Shock Wave Therapy – AKA ‘The Jackhammer for Tendons’
The effect of shock waves (acoustic energy waves) on the human body has been of interest since it was noticed that underwater bombs damaged human lungs of castaways during WWII.
After some years of research, in 1971 Haeusler and Kiefer in Germany made the first disintegration of kidney stones via shock waves without direct contact which led to the development of the first Lithotripsy machine in 1974. In 1988 the first successful shock wave therapy treatment (SWT) of a non-united fracture in a human was successfully performed in Germany. In the early 1990’s SWT was also used successfully for calcific tendon pain in shoulders and then for a variety of problems in tendon, ligaments and other soft tissue disorders
Today Lithotripsy/extracorporeal shock waves is the treatment of first choice for kidney and ureteral stones and has successfully healed millions of people. There has also been a large and growing body of research demonstrating positive treatment effects for many conditions such as:
- Tendon pain disorders
- Plantar fasciitis/ fasciopathy, heel spur
- Gluteus Medius tendonopathy/ bursitis (lateral hip pain)
- Achilles tendinopathy
- Shin Splints (medial tibial stress syndrome)
- Patellar tendinopathy
- Tennis and golfers’ elbow (medial and lateral epicondylalgia)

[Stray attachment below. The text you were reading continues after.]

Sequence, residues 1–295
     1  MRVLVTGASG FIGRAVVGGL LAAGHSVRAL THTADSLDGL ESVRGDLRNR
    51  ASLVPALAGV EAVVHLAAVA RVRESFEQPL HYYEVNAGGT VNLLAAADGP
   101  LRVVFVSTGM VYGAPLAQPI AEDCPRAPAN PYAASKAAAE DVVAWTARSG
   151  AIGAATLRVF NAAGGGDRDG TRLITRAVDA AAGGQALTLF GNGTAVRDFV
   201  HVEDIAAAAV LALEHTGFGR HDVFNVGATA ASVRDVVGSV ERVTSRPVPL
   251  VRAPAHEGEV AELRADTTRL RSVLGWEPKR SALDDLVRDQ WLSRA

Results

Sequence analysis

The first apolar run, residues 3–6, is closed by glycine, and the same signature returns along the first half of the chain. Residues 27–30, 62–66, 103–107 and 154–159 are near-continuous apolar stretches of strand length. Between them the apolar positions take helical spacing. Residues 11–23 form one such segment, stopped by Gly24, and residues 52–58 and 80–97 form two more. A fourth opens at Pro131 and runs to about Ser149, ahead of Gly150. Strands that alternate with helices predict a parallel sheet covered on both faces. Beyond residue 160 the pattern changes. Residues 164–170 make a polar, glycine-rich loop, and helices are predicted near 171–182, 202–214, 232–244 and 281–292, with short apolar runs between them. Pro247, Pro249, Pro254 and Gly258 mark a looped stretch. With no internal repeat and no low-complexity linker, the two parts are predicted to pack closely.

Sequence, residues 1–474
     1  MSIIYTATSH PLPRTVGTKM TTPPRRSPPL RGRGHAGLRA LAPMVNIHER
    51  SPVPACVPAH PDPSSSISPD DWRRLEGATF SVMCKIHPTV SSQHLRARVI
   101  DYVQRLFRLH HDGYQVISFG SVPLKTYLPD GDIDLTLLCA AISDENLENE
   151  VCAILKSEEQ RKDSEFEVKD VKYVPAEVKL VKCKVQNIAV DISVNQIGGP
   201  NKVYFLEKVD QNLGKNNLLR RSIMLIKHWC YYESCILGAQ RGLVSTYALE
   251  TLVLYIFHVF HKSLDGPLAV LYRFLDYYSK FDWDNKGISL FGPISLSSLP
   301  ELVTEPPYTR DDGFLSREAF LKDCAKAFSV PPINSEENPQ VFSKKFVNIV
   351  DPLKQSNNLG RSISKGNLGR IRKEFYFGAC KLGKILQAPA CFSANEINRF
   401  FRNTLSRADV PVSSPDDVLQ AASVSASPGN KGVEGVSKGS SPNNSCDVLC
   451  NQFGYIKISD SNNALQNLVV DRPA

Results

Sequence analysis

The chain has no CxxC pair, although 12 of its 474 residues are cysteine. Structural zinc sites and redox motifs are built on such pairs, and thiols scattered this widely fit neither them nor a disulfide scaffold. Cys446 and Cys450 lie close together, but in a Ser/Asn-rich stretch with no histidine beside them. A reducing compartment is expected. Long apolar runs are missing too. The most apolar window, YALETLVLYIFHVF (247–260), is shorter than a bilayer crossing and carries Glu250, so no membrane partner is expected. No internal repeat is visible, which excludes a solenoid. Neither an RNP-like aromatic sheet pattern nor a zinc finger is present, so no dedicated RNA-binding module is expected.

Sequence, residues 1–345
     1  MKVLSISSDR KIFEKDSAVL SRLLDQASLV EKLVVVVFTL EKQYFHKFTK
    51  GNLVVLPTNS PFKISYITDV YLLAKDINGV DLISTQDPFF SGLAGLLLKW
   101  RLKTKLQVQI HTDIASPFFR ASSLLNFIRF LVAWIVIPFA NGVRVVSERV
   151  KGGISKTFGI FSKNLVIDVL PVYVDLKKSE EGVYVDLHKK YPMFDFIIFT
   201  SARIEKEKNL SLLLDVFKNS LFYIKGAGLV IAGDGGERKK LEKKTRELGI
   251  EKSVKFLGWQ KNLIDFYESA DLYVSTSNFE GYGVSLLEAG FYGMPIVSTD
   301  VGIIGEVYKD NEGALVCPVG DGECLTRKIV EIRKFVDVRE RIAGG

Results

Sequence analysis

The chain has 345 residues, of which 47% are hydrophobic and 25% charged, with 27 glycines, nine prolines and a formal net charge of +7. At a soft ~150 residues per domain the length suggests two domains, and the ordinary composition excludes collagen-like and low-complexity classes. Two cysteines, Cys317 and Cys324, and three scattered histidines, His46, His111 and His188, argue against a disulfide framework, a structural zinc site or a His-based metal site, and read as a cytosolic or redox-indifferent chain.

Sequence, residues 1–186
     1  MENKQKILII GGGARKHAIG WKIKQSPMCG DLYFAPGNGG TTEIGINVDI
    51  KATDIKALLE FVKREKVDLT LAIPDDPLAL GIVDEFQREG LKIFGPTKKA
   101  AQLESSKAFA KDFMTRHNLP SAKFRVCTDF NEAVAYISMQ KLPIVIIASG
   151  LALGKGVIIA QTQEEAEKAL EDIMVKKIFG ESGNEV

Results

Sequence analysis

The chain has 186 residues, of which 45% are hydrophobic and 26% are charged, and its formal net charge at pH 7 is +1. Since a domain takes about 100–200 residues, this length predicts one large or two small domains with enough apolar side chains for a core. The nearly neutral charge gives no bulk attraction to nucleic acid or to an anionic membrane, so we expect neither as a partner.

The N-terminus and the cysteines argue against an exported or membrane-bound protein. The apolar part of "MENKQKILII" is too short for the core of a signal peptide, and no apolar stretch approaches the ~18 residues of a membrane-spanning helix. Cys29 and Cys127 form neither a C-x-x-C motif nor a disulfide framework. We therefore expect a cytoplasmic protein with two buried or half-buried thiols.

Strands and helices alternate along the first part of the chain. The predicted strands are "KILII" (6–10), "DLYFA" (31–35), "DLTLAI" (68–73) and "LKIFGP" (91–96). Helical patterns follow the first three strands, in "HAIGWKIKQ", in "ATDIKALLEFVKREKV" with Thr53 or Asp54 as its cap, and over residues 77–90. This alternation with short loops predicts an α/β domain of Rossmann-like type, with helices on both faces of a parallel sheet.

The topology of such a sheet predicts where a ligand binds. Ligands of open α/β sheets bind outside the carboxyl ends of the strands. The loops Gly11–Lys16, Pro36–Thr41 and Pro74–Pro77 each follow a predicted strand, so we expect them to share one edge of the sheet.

- Biceps tendinopathy
- Rotator cuff tendinopathy
How does it work?
The basic premise of SWT is a stimulation of healing responses in conditions where healing has been slow, stalled or incomplete. As the energy wave is transmitted into targeted tissues there has been demonstrated increased local blood flow, increased cellular metabolism (activity/ release of chemicals), modulation of inflammation, an analgesic effect from stimulation of nerves and break down of calcific deposits (an abnormal healing response in tendons). There has been no demonstration of detrimental effects at clinical treatment levels.
What to expect from treatment?
Treatment can improve blood and lymphatic circulation, have an analgesic effect and reduce pain, reduce muscle tension and calcification and fibrotic changes (long term). It can also provide a better range of motion, strengthen connective tissue and increase the cell regeneration process.
Are there side effects?
Possible minimal side effects of SWT reported are some short-term pain and discomfort, minor skin irritation and sometimes numbness which all resolve within a short period of time.
I first came across SWT a few years ago via professional conferences and trade demonstrations. As an initial skeptic I investigated the emerging literature which appeared to show some promising results and then we trialed a few machines in our clinic for a few months.
I was pleased to find excellent customer feedback from our initial trials which mirrored the clinical studies results. As a result, we purchased a quality SWT machine which we have now used in our clinic for the past 2 years with many success stories. But don’t take my word for it, try it for yourself.
Guy Higgins, APA Sports and Musculoskeletal Physiotherapist
Singleton and Branxton Physiotherapy and Allied Health
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